SheKnows: Now the film works in a Groundhog Day kind of way, was the repeating of the same scenes a challenge in a way that it was tedious?
Jake Gyllenhaal: There was always a sense of variation. We were going back on the train over and over in the Source Code, and the challenge was to decide how to handle it. We decided that each Source Code had its own theme. That was the big thing. Also with storytelling, it can be boring and repetitive, so variation was the biggest challenge and aspect for all of us. Each Source Code was its own chapter in the book of the entire movie.
SheKnows: How was working with Duncan, this is only his second film?
Jake Gyllenhaal: What I was most surprised about with Duncan was how he is very similar in personality, and this might be kind of a strange comparison, to working with Ang Lee (Brokeback Mountain). I noticed how Ang was always very calm and collected, very quiet. He was sparse in terms of his direction and when he had something to say, it would be very simple and short -- straight to the point. Duncan, even though when you talk to him, he's very bubbly and positive and engaged, but ultimately when he's on set, he is close to silent, very much in the same vein as Mr. Lee [laughs].
SheKnows: Your co-star Michelle Monaghan has mentioned that she is training for a half-marathon, do you have any surprises about yourself you'd like to share?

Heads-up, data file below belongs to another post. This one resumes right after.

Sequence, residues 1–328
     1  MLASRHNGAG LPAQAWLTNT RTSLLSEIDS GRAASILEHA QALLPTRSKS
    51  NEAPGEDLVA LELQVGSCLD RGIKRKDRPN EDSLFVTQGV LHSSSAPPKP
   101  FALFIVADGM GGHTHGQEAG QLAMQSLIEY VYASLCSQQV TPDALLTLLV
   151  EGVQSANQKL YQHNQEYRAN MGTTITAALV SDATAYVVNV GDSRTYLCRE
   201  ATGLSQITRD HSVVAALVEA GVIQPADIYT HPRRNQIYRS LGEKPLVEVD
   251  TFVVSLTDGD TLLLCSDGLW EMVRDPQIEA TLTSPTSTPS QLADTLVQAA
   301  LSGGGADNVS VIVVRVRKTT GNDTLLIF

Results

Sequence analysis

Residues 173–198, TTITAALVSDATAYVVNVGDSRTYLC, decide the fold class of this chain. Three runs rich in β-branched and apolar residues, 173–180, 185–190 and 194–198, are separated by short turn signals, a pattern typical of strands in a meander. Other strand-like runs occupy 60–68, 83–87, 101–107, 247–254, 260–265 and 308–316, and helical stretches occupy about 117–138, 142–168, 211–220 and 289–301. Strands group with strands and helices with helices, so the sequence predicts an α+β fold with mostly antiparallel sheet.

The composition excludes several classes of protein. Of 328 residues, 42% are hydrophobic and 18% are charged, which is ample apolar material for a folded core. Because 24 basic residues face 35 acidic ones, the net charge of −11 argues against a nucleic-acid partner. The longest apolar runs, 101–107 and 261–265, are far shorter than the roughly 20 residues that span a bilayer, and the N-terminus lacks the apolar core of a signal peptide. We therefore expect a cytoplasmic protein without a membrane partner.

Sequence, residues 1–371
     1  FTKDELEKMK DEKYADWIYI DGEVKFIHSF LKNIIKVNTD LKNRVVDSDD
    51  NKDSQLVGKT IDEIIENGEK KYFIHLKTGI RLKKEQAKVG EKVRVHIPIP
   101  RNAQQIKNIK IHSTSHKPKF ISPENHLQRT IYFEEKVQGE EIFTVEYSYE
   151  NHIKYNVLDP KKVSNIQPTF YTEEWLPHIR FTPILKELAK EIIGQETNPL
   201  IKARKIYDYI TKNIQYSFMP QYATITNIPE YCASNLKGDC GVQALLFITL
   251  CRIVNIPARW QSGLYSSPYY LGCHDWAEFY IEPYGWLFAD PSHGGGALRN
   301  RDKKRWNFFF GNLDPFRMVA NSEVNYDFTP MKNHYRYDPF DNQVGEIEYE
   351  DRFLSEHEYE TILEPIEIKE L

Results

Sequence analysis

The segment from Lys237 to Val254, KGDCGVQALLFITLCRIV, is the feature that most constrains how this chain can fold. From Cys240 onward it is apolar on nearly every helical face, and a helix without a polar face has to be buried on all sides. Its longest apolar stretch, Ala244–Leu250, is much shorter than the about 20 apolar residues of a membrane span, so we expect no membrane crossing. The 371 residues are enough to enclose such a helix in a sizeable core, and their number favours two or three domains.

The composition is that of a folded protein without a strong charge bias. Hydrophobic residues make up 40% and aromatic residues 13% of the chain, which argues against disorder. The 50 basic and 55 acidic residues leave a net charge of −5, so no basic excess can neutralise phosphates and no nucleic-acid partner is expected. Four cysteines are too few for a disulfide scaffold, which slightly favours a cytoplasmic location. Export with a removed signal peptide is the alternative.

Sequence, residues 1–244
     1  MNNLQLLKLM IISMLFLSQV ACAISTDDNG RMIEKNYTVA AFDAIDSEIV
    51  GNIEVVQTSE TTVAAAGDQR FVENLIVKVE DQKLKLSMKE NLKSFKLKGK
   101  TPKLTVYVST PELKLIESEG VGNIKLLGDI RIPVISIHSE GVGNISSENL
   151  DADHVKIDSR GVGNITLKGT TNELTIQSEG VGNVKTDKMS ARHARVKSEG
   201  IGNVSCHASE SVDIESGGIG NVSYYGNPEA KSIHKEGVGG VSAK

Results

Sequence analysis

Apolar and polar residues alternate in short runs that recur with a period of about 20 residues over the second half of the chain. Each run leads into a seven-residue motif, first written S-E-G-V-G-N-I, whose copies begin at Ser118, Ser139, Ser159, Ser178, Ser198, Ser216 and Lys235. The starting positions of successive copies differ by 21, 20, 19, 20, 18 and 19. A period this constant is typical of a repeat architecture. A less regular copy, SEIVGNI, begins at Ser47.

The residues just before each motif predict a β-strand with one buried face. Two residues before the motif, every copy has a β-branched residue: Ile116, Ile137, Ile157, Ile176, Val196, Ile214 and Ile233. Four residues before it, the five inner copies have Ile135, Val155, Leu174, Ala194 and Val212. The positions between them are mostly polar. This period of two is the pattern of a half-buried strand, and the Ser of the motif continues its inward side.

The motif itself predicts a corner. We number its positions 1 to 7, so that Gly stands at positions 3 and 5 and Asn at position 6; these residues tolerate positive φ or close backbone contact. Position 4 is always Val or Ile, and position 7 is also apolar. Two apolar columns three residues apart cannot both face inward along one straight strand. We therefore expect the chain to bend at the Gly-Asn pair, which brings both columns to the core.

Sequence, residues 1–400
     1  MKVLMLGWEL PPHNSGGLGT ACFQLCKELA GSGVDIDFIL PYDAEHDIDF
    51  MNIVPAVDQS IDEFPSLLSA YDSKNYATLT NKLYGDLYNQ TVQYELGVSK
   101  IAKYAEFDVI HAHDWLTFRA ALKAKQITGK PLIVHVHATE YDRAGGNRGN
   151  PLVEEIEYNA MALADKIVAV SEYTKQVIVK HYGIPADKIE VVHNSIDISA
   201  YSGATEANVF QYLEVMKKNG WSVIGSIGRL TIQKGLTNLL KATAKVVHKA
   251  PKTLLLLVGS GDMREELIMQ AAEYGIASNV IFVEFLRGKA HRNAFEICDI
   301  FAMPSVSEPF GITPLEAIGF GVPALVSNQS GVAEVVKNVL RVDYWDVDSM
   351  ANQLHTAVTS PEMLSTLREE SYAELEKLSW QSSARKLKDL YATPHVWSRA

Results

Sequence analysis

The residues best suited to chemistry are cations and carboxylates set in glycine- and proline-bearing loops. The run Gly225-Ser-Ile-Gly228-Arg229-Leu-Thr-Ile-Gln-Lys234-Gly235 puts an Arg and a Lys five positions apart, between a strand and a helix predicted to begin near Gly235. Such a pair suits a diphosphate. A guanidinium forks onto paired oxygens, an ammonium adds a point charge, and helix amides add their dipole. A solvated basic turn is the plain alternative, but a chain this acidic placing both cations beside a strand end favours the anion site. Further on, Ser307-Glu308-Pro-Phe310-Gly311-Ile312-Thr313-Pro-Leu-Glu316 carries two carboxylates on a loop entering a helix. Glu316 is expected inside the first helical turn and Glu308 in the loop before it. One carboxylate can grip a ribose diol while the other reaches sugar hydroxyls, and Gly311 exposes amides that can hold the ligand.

Jake Gyllenhaal: Looking at me, you would think I was training for a marathon. But, I am not [laughs]. All my fans know I'm pretty athletic, but I am not training for a marathon [laughs]. It might be surprising to people that one of the charity organizations that I'm involved with is Edible Schoolyard. It's an organization where we're trying to make it possible to have an edible garden in every public school in America. We want kids to have a new relationship to nature and to the food that they eat, engage the world in a different way than we're used to seeing. Take out a chunk of concrete and let's put in a garden where children can explore the natural wonders. I think it changes their view. It has in my experience. I grew up around edible gardens all over the place. It's changed my perspective on the world and I think it could change the world.
SheKnows: Where did you grow up?
Jake Gyllenhaal: I grew up in Los Angeles, but also a little bit outside of Boston. Mostly, in Los Angeles, but my family always emphasized that it's an incredibly effective, economic way of feeding your family and having everybody learn about where your food comes from. It's something I care deeply about.
SheKnows: Is your sister raising her child that way?
Jake Gyllenhaal: My niece, she grew up, well, when she was first born, it's kind of an irony, I remember her learning how to walk grabbing on to tomato plants, learning how to count with cherry tomatoes. When a kid grows up that way, seeing something grow, seeing something die, seeing something reused, it's a different kind of upbringing. If we can bring that to every kid in America, and in the world, you'd be raising an entirely new generation of kids with a different mindset about how to take care of yourself and the earth.